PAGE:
Thursday, September 11, 2014

256 - IIT-B student killed self: Cops - TNN

TNN | Sep 9, 2014, 11.03PM IST

Mumbai: A police probe into the death of IIT-B student, Aniket Ambhore, 22, has revealed that he had committed suicide. Ambhore, who was depressed, fell from the sixth floor balcony of a hostel on the campus last Thursday. 

"With no contradictory theory before us, it seems Ambhore committed suicide," said deputy commissioner of police Prashant Holkar (zone X). "We have recorded statements of Ambhore's roommate and a student who was standing in the opposite building and saw him fall. The roommate stated that Ambhore had spoken to his parents over the telephone before going off to sleep in his room. A few hours later, the roommate had left for the canteen." 

While the police have not established the motive for Ambhore's drastic step, they believe his backlogs in subjects, along with depression, may have pushed him over the edge. Ambhore had several backlogs in the first and second years of his dual degree programme. He had returned to the campus after a 10-day break on Thursday. The Powai police, who have been conducting a detailed probe, also recorded his parents' statements. 

IIT has a student-mentorship programme in place and counselors regularly visit hostels to interact with students. Students are mentored and monitored closely by faculty members during the academic rehabilitation programme, said the official. Ambhore was also put on the programme.

Sunday, September 7, 2014

255 - IITian’s fall to death an accident? - Asian Age

Sep 06, 2014 | Age Correspondent | Mumbai

Students on the campus of the Indian Institute of Technology, Bombay (IIT-B) are shocked at the death of fourth-year student Aniket Ambhore, who according to the police and eye witness statements slipped and died after falling from the sixth floor of a hostel on the campus on Thursday. On Friday, while the campus was abuzz with rumours that Ambhore might have committed suicide as his grades had been falling and he was in depression, the institute maintains that it was an accident and are awaiting the police investigation report.

According to some students, though Ambhore fell and died at around 5.45 pm, news of the same started spreading on the campus only after the police came to the spot at around 6.30 pm. “As the area was cordoned off, there was some confusion as to who the student was and the name became clear only after some students who saw him fall identified him. They were the ones who alerted the campus security who alerted the police,” said a student, requesting anonymity.

“He was a vocalist and guitarist and was active on Facebook. He had posted a positive note on Facebook on how changing art forms around us could change the way people eat, thus leading to a cure for cancer and cough,” said another student. He added that apparently Ambhore did not have suicidal tendencies as he did not leave any note behind, thus negating the speculation about him committing suicide.

The institute confirmed that as it was raining heavily on Thursday and the floor on the sixth floor balcony was wet, Ambhore might have slipped while talking on the phone. “The eyewitness account taken down by the police confirms that Ambhore was talking on the phone and not preparing to jump, thus ruling out the suicide angle. However, we do not want to influence the police investigation in any way and will await their report,” said Rashmi Sablani, PRO of IIT-B.

Meanwhile, the Teachers’ Day celebration on the campus were also muted and Prof. Devang Khakkar, Director, IIT-B read out a condolence message during the programme. He only announced the names of the teachers who would be felicitated. The felicitation would take place on some other day.

254 - IIT-B students complain of stress, inadequate support - DNA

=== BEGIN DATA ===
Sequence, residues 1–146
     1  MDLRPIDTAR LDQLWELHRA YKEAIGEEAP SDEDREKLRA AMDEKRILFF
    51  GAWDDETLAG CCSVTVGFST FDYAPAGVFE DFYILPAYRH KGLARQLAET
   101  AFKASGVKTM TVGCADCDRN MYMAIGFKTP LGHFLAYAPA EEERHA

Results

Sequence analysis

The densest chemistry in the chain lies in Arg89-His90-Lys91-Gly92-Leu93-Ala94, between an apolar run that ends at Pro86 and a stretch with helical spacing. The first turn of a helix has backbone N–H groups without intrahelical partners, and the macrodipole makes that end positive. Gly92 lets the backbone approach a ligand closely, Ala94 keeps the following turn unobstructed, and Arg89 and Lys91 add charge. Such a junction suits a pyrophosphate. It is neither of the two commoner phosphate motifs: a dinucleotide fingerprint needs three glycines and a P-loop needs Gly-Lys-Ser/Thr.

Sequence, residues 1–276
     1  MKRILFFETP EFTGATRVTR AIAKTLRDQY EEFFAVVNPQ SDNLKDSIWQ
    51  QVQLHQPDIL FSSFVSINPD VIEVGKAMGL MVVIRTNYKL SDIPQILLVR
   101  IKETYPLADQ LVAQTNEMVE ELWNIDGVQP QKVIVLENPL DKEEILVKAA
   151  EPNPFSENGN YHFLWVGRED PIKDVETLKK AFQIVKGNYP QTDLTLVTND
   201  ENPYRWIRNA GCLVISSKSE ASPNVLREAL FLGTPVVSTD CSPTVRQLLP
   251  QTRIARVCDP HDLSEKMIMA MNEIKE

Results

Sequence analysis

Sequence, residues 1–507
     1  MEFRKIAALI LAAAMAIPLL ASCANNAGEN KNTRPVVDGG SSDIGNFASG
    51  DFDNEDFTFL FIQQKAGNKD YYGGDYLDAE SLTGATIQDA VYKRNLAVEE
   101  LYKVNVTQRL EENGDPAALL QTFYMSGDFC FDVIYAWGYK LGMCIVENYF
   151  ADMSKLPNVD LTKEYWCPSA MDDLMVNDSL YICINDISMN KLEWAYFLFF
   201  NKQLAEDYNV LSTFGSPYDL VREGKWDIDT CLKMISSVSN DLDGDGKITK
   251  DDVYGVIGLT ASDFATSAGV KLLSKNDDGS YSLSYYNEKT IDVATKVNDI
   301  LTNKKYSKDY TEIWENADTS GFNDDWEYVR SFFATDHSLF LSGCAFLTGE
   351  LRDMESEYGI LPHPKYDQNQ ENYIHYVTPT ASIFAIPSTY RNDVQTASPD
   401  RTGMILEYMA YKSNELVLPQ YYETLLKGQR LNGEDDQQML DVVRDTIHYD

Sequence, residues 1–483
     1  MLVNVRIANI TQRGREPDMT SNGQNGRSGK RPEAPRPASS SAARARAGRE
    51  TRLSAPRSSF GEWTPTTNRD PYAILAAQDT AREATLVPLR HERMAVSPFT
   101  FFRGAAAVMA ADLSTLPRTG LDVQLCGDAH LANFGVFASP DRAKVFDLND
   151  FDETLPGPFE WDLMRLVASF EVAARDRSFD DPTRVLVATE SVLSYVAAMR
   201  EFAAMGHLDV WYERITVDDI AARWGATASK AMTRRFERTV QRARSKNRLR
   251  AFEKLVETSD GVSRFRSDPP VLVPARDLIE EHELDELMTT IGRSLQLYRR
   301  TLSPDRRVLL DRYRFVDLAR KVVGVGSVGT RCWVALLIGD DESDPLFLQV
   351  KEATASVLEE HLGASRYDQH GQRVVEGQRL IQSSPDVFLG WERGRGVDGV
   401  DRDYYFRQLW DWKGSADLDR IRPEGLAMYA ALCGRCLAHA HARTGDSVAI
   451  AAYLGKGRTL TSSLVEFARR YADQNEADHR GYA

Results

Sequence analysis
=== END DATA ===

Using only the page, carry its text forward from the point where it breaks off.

Saturday, 6 September 2014 - 7:05am IST | Agency: DNA

The death of 22-year-old Aniket Ambhore at the Indian Institute of Technology – Bombay is not the first such case. There have been at least two other incidents in the past 19 months that have sparked concerns.

What were the earlier incidents?
In February last year, Ankur Abhishek, a fourth year dual-degree electrical engineering student, drowned in Vihar lake. In January this year, M Siva Theja, a PhD student hailing from Hyderabad went missing. His body was found, the head covered with plastic, at a lodge in Visakhapatnam.

students believe that all these cases are suicides and they insist that the institute is trying to brush them under the carpet.

On Friday, activities on the campus appeared to be normal, except that the Teachers' Day programme was cancelled.

Is there too much academic pressure?
The students suggest that academic pressure together with inadequate support mechanism is leading to mental pressure that they are not able to deal with.

"Academic vigour is so much that sometimes even the most brilliant brains feel lost, especially those who haven't got the course of their choice. We're supposed to clear six subjects every semester. If you have a backlog, the pressure goes out of the roof," said a final year B-Tech student.

Urjit Yajnik, dean of students affairs, says there's academic stress in schools too, but there are counsellors to help students at IIT-B. Students argue this is not sufficient.

"This cannot be addressed by any counsellor. Merely sending students for the academic rehabilitation programme is not enough. What about the threat of losing a year," asked a general secretary of a hostel.

Do teachers fail students deliberately?
Students also allege that some teachers fail students deliberately over petty issues. "I was failed as I submitted my project 10 minutes late. I had to appear for the course all over again in the next semester. I am not allowed to question the autonomy of the teacher," rued a final year student of metallurgical engineering.

Teachers are said to be so strict that they mark students absent even if they are just 10 minutes late to class, despite the fact that this may be due to an earlier lecture being delayed.
Prof Yajnik denies the charges. "You are taking things to another dimension. I wouldn't like to comment on that." he said.

Why no discussion with the students?
"I've been studying here for the past five years and have seen so many cases of deaths. But there has never been any official word from the institute. Whatever we got to know was through the media. It's as if the authorities don't care when a student dies," said another M-Tech student.

Why the silence over Aniket's death?